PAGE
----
By Nicole L. Voigt, Esq., Attorney at Law
An equine facility might qualify for Right to Farm protection and obtain relief from local ordinances in limited respects, such as municipal zoning restrictions. Such protected activities may include equine labor housing, manure composting and sales, and keeping horses onsite for various commercial purposes, such as breeding, boarding, and training. However, to enjoy the protection of Right to Farm, the facility must meet the definition of a “commercial farm,” and the equine activities must conform to agricultural management practices of the State Agriculture Development Committee.
To qualify as a commercial farm, the land on which an equine facility operates must be eligible for farmland assessment. The land under buildings used for boarding and rehabilitation will not independently qualify. Instead, such buildings must exist along with other qualifying agricultural production on at least five additional acres.
Examples of qualifying agricultural activities commonly occurring alongside commercial stables include pasture for horses and livestock, hay production, or traditional agriculture such as food or grain production. When pasture is used to qualify for farmland assessment, a per-acre value of the land may be imputed depending upon the soil rating, and more than five acres of additional land in agricultural use will likely be required. For the purpose of farmland assessment, income from boarding will not be considered for farmland assessment eligibility unless there are five or more acres qualifying by other, eligible activities.
Farmland assessment and commercial farm certification are not the same. The income necessary to qualify for Right to Farm protection exceeds that which is required for farmland assessment. While fees from boarding and training may supplement income used to qualify for farmland assessment, such fees do not count towards commercial farm certification. To be a commercial farm eligible for Right to Farm protection, the farm must produce agricultural/horticultural products worth $2,500 or more, annually. Examples of equine production which qualifies towards the $2,500 minimum requirement are income from raising or breeding horses, stud fees, and income imputed to acreage of pasture. To meet the threshold, equine-related income may be combined with other agricultural production, such as hay or crop production.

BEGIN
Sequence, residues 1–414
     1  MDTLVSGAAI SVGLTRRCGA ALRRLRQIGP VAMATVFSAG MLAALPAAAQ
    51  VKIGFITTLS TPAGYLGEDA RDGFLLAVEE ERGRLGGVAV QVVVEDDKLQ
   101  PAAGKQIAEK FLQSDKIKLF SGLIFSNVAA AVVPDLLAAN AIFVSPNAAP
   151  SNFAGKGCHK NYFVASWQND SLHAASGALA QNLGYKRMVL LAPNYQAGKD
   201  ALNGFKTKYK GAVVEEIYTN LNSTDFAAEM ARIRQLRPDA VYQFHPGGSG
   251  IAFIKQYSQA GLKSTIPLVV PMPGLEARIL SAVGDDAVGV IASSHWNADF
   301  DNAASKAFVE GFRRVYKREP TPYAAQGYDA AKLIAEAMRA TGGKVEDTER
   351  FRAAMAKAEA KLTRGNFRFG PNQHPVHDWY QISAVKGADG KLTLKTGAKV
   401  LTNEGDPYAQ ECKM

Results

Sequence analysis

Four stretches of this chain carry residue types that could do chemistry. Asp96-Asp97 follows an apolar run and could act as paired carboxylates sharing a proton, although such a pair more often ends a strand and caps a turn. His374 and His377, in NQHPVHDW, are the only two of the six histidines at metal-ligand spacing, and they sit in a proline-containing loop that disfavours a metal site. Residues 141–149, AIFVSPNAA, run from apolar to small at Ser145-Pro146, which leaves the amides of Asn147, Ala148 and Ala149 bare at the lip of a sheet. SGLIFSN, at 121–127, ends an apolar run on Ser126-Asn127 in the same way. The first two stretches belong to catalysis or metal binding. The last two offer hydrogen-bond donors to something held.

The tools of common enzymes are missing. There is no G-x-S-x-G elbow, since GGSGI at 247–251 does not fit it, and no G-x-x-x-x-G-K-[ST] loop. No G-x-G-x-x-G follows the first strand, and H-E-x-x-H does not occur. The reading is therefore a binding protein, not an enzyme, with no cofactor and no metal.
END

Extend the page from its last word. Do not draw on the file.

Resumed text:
To be found a commercial farm, the farm must also be located in an area where, as of December 31, 1997, or thereafter, agriculture has been a permitted use under the municipal zoning ordinance, or the farm must have been in operation as of July 2, 1998.
Qualifying commercial farms may engage in protected equine activities subject to compliance with the State Agriculture Development Committee (SADC) conditions applicable to those activities. Whether it be manure composting, equine labor housing, or other protected activities, it is important that the applicable conditions be understood. For example, under the SADC practices, equine labor housing must be located in the same building as the horses, themselves, subject to additional conditions. Because some municipalities allow farm or equine labor housing without this restriction, local regulations should be compared to the SADC practices to determine the best strategy for each agricultural property.
When desired or necessary, an application may be made to the County Agriculture Development Board to confirm commercial farm status and Right to Farm eligibility specific to the equine facility. The County Agriculture Development Board also has primary jurisdiction over complaints against commercial farms, including zoning complaints.
The considerations of traditional land use versus farming applications are many. In some cases, it may be necessary or even preferred to make an application to a municipal zoning or planning board, rather than pursue an application under Right to Farm. In other cases, a farm application to the County Agriculture Development Board may be the only means by which the facility will be protected, assuming it qualifies. When determining a strategy for obtaining approval of equine facilities, or identifying an appropriate property on which to locate an equine facility, work with an attorney familiar with real estate, land use, zoning, and Right to Farm.
Attorney Nicole Voigt is an experienced agricultural and traditional land use attorney who assists farmers, businesses, and real estate investors with buy/sell transactions, planning, compliance, complaints, and permitting. Nicole has a trusted network of professionals deeply experienced in the agricultural and agritourism industries, and she enjoys working with farmers and their professionals in furtherance of the farmers’ objectives.